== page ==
There is a basic structure of software systems I’m drifting towards more and more. To me it’s more fundamental than MVC or Layered Architecture or Clean Architecture. I call it the Sleepy Hollow Architecture because it’s about dissecting code into two parts: a body and a head.

Do you remember the movie Sleepy Hollow by Tim Burton? Starring Johnny Depp and Christina Ricci among other well-known actors. It’s revolving around a headless horseman terrorizing the town of Sleepy Hollow.

I’d call the headless horseman one of the main characters, even though it’s just a body without a head.

But the movie also tells the story of how he lost his head. So the head also plays a role in the movie, albeit a small(er) one, even though Christopher Walken is the actor in those scenes.

In Sleepy Hollow what usually is seen as a single unit – or a monolith, I could say – is fundamentally split into two sub-units of unequal importance.

And that’s what I think should be done with software, too. Let me even be so bold as to say: with every software.

A fundamental distribution of code

In my view software should consist of a body and a head, too. And the really important part then is the body. It can even be used without a head. Or it can be given different heads.

Usually a software is seen as „one thing“ with a basic anatomy working in an environment:

There is a user interacting with it (left side), there are resources used by it (right side).

The code inside is partly dedicated to the interaction with the user, it’s (G)UI code and maybe some validations; let’s call that the frontend (yellow area in above image). But mostly it’s domain logic and resource access; let’s call that the backend (brown area).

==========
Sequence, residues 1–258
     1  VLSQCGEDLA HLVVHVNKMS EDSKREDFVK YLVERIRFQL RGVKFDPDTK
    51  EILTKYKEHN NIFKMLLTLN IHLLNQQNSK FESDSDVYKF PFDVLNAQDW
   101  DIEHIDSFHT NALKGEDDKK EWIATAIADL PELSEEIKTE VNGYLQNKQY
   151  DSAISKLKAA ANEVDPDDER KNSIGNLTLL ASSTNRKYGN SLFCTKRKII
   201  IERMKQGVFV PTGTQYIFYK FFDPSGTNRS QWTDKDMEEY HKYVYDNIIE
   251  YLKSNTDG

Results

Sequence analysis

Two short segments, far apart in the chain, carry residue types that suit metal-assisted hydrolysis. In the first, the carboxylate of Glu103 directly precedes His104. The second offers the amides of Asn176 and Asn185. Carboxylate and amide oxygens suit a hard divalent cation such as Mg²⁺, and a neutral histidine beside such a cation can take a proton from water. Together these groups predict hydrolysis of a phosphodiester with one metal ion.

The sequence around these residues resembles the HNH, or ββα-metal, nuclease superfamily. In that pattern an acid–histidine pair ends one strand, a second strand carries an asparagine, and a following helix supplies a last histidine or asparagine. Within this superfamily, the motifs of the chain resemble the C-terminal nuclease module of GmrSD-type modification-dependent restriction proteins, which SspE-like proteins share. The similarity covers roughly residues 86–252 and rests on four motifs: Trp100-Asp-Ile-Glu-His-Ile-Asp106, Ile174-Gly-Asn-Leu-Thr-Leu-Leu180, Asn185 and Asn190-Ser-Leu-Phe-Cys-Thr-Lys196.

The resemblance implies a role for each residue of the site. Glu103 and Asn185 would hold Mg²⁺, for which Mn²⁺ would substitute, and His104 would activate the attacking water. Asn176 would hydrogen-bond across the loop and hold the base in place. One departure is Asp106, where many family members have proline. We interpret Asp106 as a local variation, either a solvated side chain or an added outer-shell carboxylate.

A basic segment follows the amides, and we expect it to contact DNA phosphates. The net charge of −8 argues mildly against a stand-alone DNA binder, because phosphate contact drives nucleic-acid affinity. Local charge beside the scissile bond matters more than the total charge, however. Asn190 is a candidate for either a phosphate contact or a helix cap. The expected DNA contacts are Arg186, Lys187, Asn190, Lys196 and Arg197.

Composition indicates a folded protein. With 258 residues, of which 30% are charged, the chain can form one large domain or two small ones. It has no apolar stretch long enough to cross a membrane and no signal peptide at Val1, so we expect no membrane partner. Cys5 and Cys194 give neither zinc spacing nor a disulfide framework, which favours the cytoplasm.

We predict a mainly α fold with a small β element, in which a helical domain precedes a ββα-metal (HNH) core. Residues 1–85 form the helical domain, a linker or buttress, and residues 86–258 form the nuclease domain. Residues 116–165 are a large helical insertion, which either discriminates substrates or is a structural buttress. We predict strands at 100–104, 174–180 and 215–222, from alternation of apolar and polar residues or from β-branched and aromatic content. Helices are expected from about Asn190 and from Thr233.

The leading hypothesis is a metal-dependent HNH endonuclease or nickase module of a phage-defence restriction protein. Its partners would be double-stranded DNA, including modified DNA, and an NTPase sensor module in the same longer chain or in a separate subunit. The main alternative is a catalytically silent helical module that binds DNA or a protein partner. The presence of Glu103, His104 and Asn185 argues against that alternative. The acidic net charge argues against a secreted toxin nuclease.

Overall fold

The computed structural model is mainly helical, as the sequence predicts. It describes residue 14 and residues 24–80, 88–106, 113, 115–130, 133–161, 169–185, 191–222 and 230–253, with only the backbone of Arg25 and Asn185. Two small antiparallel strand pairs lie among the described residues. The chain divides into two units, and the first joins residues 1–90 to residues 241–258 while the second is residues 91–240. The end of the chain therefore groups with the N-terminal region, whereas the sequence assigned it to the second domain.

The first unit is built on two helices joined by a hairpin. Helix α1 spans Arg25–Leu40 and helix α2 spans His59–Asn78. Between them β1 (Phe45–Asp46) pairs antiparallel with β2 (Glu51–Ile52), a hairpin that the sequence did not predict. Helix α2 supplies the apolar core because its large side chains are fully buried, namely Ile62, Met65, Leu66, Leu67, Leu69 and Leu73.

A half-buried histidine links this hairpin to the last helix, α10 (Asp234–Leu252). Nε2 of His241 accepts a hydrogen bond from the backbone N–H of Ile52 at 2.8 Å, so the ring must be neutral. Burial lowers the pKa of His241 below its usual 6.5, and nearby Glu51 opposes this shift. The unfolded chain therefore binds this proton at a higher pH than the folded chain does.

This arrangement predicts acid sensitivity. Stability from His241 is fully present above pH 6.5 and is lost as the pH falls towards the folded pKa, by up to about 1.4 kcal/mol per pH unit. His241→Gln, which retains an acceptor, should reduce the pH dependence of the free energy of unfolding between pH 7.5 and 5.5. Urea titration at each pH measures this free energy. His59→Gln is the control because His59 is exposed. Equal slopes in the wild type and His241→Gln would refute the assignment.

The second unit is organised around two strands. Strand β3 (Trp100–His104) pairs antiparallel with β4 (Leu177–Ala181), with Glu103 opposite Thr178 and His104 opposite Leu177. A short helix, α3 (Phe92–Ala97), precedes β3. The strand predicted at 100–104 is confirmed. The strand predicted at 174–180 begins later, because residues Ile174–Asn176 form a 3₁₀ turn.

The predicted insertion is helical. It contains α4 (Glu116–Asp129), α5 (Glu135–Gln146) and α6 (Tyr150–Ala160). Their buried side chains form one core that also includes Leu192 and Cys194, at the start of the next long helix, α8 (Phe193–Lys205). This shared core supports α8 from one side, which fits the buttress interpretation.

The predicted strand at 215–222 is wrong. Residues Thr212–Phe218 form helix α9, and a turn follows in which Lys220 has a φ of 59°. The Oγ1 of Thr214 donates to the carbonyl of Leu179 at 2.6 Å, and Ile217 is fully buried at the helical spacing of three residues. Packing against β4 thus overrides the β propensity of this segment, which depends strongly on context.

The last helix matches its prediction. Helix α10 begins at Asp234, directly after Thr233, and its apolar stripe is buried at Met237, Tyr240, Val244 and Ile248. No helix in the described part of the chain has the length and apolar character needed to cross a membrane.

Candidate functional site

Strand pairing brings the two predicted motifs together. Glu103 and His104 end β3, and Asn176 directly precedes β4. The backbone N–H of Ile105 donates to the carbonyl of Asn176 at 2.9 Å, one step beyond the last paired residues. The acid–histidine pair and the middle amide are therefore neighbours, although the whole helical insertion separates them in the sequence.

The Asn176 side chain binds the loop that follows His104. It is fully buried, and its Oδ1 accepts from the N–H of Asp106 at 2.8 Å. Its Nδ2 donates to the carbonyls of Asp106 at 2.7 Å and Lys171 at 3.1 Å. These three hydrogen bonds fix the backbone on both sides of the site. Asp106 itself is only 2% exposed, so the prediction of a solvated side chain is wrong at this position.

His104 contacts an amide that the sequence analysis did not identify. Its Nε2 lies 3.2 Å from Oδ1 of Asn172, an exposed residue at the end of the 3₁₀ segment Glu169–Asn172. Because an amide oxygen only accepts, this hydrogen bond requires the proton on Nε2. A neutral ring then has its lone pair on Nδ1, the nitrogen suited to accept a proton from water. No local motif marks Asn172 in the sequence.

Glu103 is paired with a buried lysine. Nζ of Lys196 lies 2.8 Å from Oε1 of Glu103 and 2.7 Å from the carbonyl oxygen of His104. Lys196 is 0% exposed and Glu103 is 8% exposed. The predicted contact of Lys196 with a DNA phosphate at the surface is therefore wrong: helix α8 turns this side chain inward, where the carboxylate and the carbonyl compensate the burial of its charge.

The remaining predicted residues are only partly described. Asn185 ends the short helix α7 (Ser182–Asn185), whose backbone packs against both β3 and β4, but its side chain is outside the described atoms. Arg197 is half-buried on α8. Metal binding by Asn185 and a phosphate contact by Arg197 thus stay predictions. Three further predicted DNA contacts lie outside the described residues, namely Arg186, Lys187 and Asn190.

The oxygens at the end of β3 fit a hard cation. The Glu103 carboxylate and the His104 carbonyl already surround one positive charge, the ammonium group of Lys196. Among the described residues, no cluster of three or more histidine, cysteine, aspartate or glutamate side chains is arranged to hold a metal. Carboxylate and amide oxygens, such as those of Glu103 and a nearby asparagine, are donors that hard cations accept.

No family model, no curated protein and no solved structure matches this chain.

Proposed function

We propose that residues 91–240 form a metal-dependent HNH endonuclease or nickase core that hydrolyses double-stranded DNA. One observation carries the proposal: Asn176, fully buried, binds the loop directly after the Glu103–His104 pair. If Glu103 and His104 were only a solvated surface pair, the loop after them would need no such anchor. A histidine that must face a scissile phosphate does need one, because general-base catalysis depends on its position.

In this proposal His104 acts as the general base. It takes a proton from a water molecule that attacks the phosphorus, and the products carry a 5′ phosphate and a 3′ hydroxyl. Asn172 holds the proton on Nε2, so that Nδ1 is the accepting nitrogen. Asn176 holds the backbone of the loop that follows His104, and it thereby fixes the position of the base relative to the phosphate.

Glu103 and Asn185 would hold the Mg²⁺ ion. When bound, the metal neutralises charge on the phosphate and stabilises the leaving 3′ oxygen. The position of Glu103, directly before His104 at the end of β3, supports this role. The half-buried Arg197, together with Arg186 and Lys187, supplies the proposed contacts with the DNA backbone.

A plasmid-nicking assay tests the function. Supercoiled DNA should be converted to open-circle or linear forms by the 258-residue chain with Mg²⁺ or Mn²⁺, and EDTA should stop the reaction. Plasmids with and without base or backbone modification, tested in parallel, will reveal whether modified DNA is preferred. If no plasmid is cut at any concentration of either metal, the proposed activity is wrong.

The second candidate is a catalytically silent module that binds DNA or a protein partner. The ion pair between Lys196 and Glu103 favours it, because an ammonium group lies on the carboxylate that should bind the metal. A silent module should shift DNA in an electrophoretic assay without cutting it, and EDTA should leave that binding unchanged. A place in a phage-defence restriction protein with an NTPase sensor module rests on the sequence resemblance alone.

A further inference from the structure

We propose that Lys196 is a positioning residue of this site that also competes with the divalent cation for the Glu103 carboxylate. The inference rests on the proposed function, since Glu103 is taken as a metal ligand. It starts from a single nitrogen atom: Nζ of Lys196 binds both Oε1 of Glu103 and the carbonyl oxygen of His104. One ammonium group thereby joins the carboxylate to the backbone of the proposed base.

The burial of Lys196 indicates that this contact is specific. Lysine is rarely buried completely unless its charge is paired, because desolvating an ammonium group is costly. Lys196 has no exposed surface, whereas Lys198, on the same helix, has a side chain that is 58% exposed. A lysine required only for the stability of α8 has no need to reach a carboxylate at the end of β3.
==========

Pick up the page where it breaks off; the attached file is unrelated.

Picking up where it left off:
Unfortunately both aspects of the code are often quite entangled. And even if they weren’t it would be hard to test the bulk of the code, the backend. Testing frontend code or testing the backend through the frontend is technically possible, but usually not much fun and brittle.

That’s why I suggest a fundamental separation of both aspects! Frontend and backend should be physically very distinct, if not not even two processes. We should pull out the frontend from the software. We should unstick it from the backend.

Until it’s a free standing aspect – and why not in it’s own process. Head and body separated. The backend now being headless domain and resource logic.

The minimal version of this would be frontend and backend being two components with a distinct contract. But even two processes running on the same machine would not hurt much in most cases, I guess. The frontend process could host the backend process; no additional infrastructure required.

That would mean distribution, but on a small scale. This kind of distribution would be not for scalability or security, but for increased testability and adaptability/flexibility.

Communication would happen in a message oriented manner:

That way even different heads „could be screwed on“ the backend.

Again, this is not about the usual client-server distribution for scalability purposes. It’s more fundamental!

I strongly believe that one of the most common fallacies in software development is that the frontend should be „welded to“ the backend. Up to the point of SQL statements in button click event handlers. (Yes, I have seen horrible stuff like that.)

There are two problems with this: aspects get scattered all over the codebase and testability is low.

With the Sleepy Hollow Architecture it’s different. Two fundamental aspects are clearly separated with a distinct contract between them.

The head is where users interact with the software: they trigger behavior by pressing buttons or clicking a menu item or just hitting ENTER. Behavior is an observable change of state. Software reacts to input data with output data.